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Member Research and Reports

Member Research and Reports

Johns Hopkins: Pilot Study Finds Youth More Likely Than Adults to Report Seeing Alcohol Marketing on the Internet

Underage youth are nearly twice as likely to recall seeing alcohol marketing on the internet than adults, with almost one in three saying they saw alcohol-related content in the previous month, according to a new pilot survey led by the Johns Hopkins Bloomberg School of Public Health.

The young people, those between the ages of 13 and 20 who responded to an online survey, were also more likely than adults surveyed to report seeing or hearing alcohol marketing within the previous month in traditional outlets, including television (69 percent versus 62 percent), radio (25 percent versus 17 percent), and billboards (55 percent versus 35 percent). The greatest difference between adults and youth occurred when asked about exposure to alcohol advertising on the internet (30 percent versus 17 percent).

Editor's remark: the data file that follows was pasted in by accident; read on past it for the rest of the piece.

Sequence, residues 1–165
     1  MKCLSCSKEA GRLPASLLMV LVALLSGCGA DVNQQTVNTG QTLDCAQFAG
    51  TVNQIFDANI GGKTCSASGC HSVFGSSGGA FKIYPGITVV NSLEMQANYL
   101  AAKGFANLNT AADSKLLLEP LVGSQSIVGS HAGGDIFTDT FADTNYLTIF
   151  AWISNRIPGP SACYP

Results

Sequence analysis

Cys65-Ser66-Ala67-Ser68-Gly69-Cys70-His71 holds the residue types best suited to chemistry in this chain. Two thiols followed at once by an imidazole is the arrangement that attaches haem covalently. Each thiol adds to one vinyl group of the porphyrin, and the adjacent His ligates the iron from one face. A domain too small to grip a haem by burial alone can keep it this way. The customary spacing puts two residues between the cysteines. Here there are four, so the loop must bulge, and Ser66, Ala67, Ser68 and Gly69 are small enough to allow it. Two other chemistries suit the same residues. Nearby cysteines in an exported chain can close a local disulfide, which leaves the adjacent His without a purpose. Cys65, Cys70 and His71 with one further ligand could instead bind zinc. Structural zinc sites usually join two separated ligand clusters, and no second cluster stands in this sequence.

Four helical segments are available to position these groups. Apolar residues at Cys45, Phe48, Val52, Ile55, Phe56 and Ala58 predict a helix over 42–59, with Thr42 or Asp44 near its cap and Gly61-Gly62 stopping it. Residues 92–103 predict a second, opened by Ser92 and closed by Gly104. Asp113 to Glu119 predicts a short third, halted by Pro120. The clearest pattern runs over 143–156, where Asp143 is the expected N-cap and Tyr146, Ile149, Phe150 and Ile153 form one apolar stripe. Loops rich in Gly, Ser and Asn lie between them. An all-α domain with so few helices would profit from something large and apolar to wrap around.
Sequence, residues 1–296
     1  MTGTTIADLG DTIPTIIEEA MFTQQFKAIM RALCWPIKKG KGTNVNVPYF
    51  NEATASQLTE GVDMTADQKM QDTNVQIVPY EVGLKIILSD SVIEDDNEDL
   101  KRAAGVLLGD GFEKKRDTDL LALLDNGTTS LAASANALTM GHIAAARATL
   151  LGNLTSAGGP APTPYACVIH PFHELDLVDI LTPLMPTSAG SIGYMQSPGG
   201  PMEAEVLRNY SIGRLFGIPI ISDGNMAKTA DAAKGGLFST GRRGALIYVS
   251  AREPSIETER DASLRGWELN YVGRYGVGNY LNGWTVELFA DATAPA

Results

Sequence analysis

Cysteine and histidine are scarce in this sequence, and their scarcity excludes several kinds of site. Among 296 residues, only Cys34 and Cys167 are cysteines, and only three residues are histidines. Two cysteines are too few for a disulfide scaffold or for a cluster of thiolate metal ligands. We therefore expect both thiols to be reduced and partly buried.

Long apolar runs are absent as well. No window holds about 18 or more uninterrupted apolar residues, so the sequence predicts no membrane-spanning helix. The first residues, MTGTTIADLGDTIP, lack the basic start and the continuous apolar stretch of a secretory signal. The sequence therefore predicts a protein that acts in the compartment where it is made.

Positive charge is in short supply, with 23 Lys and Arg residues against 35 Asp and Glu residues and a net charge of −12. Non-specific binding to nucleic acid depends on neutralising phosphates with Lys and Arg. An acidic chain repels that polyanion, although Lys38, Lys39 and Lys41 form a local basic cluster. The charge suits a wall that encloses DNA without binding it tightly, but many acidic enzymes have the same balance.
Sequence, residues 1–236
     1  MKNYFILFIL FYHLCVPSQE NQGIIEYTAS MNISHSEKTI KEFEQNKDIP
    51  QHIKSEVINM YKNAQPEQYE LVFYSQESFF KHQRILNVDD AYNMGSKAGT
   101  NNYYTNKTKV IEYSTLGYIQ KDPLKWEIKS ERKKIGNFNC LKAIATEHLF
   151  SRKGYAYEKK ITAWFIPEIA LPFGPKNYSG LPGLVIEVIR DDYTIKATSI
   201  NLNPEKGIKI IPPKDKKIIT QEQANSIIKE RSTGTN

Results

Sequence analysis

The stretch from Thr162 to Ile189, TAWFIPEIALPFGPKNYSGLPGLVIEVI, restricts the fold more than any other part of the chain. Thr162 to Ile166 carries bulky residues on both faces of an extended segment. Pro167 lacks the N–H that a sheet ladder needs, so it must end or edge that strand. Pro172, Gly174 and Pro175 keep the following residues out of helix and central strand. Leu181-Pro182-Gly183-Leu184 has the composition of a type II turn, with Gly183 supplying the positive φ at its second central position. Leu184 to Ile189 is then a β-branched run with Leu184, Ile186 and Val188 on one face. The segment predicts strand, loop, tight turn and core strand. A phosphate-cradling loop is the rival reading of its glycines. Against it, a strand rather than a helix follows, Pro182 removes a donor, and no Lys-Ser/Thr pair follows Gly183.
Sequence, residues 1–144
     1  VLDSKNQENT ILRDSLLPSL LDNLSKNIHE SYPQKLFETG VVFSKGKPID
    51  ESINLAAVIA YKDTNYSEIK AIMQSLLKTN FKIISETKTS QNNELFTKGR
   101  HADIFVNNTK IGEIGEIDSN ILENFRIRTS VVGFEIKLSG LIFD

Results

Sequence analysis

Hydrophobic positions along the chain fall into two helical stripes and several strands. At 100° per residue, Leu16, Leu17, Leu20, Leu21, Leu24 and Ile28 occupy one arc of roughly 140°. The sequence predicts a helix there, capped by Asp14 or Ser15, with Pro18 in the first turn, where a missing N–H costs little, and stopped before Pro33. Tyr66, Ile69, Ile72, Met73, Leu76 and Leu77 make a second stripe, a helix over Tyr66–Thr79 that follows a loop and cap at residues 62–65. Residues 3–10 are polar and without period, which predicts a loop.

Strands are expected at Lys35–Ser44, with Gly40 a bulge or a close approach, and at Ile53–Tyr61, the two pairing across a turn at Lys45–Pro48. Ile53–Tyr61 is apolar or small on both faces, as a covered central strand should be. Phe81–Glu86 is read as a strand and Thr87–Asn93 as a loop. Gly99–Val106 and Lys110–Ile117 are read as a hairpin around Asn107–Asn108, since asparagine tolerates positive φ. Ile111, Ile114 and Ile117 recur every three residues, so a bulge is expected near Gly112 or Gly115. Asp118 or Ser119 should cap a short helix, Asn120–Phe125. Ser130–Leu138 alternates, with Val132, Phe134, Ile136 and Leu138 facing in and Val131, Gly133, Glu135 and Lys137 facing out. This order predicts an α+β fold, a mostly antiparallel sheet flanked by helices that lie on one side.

The findings underscore previous research suggesting that youth may be impressionable to many of the messages conveyed by alcohol marketing, for instance, that drinking can lead to happiness and social acceptance.

The research was led by the Center on Alcohol Marketing and Youth (CAMY), part of the Johns Hopkins Bloomberg School of Public Health, and is published online in the journal Alcoholism: Clinical and Experimental Research. The study was the first to pilot questions about youth and adult recall of alcohol marketing online.

Read more: http://www.jhsph.edu/news/news-releases/2017/pilot-study-finds-youth-more-likely-than-adults-to-report-seeing-alcohol-marketing-on-the-internet.html